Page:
MARCH 2015




Behind Every Successful Woman is a Great Man

By Laura Franz-Kamissoko and Rudolph Raath


Gone are the days when the domain of women was restricted to the home, the raising of healthy children and the management of family social life. Times have changed and women form an integral part of modern commerce. But what of a family where the woman is also a breadwinner and a successful businesswoman in her own right? We speak to Carl Wepener (CW), Director: Corporate Services at CEO Communications and husband of Annelize Wepener, Chief Executive of the company, and Silven Padayachy (SP), Chief Financial Officer of TSLS Holdings and husband to Vasi Govinder, 




Director of TSLS Holdings, to find out about marriage, love and life with a top executive.


The saying goes that behind every successful man is a great woman. Would you say that the reverse also applies?

CW: Yes, not only am I dedicated, but also supportive and caring, but so is she in all my endeavours.

SP: Most definitely, which could be why Vasi always says: “Men, you can’t live with them and you can’t live without them.”


What, in your opinion, makes your wives the motivated and successful business leaders they are today?

CW: The fact that she loves working with people, along with her pedal-to-the-metal approach to business and life. Once Annelize has made up her mind to do something, she goes all-out to achieve it.


SP: Vasi is very dedicated and passionate about her work. She always puts other people’s interests ahead of her own. She wakes up every morning worrying about “doing the right thing”, be it for clients, employees and the extended family. She always thinks about long-term results rather than quarterly earnings and this has definitely led to her success.


What five words best describe your wives?

CW: Passionate, caring, focused, tenacious, goal-oriented. 

SP: Ambitious, dedicated, respectful, loyal, humble.


What do you do or where do you take your wives when you see that they are getting too stressed about work and you realise they need a break? 

CW: If we have the time I take her to our Fishhoek home, where she loves sitting in the sun-room watching the sea. If we don’t have the time for that, I take her to our home in Pretoria, light some candles, put on some soft music, and enjoy a bottle of wine with her.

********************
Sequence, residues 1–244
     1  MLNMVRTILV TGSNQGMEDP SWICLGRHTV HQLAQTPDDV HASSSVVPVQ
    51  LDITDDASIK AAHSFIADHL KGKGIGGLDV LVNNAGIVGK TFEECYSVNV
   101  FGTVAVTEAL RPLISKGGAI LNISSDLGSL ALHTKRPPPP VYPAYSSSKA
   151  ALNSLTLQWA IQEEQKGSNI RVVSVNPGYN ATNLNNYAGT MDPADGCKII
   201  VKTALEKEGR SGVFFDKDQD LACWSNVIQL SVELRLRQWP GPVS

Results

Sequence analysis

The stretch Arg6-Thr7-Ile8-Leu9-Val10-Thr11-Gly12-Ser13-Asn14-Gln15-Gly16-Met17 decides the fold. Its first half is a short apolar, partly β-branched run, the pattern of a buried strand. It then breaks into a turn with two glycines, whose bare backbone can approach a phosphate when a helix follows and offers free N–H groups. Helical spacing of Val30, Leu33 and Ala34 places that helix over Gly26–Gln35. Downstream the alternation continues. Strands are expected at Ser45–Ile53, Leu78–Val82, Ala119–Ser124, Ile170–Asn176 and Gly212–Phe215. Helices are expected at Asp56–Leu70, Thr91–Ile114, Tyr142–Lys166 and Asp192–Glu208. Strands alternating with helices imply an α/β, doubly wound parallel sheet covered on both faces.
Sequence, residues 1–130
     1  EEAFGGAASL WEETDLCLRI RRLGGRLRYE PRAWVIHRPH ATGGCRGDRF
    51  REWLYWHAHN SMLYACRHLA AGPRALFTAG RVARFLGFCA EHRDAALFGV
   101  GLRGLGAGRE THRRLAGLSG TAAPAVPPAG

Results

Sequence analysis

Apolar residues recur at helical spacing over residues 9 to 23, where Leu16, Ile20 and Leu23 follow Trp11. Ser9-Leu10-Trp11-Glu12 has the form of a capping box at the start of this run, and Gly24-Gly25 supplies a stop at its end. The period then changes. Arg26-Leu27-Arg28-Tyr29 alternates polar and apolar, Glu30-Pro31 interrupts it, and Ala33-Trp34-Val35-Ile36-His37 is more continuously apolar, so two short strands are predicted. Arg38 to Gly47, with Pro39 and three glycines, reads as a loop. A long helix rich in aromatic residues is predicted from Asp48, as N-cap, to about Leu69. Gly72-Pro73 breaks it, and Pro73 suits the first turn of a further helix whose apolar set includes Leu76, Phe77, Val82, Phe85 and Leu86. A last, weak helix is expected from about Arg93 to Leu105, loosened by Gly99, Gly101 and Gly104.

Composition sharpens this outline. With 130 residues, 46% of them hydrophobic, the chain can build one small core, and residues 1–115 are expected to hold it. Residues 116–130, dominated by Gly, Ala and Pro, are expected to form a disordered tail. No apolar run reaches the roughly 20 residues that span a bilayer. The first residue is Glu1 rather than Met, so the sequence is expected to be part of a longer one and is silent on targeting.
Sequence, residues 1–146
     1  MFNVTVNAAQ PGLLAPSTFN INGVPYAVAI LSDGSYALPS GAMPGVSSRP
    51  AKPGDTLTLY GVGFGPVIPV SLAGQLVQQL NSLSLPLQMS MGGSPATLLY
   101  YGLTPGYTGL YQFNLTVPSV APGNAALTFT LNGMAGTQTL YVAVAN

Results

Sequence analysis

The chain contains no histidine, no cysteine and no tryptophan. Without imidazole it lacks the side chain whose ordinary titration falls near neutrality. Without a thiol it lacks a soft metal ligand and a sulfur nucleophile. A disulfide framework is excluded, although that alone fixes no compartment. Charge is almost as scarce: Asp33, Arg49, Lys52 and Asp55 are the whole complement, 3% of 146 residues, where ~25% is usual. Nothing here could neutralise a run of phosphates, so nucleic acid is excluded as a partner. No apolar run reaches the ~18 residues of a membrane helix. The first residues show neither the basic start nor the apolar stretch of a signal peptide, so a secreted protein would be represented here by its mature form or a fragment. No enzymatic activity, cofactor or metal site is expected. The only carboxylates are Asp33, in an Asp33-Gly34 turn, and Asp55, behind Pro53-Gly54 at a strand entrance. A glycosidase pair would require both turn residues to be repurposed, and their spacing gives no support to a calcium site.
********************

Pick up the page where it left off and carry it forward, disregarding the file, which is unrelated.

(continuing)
SP: I have learnt after many years that when she is stressing it is best to keep quiet and leave the television remote in her hands, and if she decides we are going away for the weekend then the kids and I are thrilled.


Do your wives succeed in separating their work and personal lives? Do you ever have to force them to ‘switch off’ from work-related matters when at home?

CW: What personal life? I’m only joking. Actually, my wife is very good at this. She’s excellent at balancing the two to the benefit of all.


SP: I don’t think there is an off switch, unless five minutes count. Recently, while we were on weekend break in order to get away from work, Vasi was planning changes to a project she is busy with, which took up most of the weekend. With time I have, however, come to appreciate that there’s no use in forcing Vasi to do anything unless she wants to.


How important is alone-time in your relationships – do you have a set weekly ‘date’ where you spend time together?

CW: Religion is the most important part of our relationship. In the morning before work we read from the Bible, discuss the message or lesson God intended for us, and say our prayers for the day together. Religion is not a once-off daily exercise, but a way of life. We both try to implement our beliefs into our everyday activities.


SP: Although Vasi is busy, I do appreciate the fact that family is always her main priority, so we always make an effort to spend quality time together.


If you’re out somewhere, how do you stay occupied while your wives are talking to their best friend (aka, BlackBerry or other phone of choice), or are you also often taking business calls?

CW: Go out, buy a newspaper, read the paper, go to the driving range and practise my golf swing and, on my way back, buy some chocolate just in case she has finished by the time I get back.


SP: I have become accustomed to the BlackBerry being joined to her hand, so during this time I attend to my e-mails or other work-related issues.


If you only had 10 minutes of her time in a day, which I would imagine is often a reality, what would you tell your wife?

CW: That I love her, that she can always count on my support, and that I will always be there for her. That she should go all-out to achieve her dreams and live them daily, and not try to be someone she isn’t.


SP: Being the hands-on person that she is, I would ask Vasi to delegate more work so that she would have some extra time for herself.


Carl, you and Annelize have been married for nearly 32 years. What are the top three things you never tell a woman?

CW: That she talks too much, that she’s wrong, and that she should not have the last piece of chocolate! 



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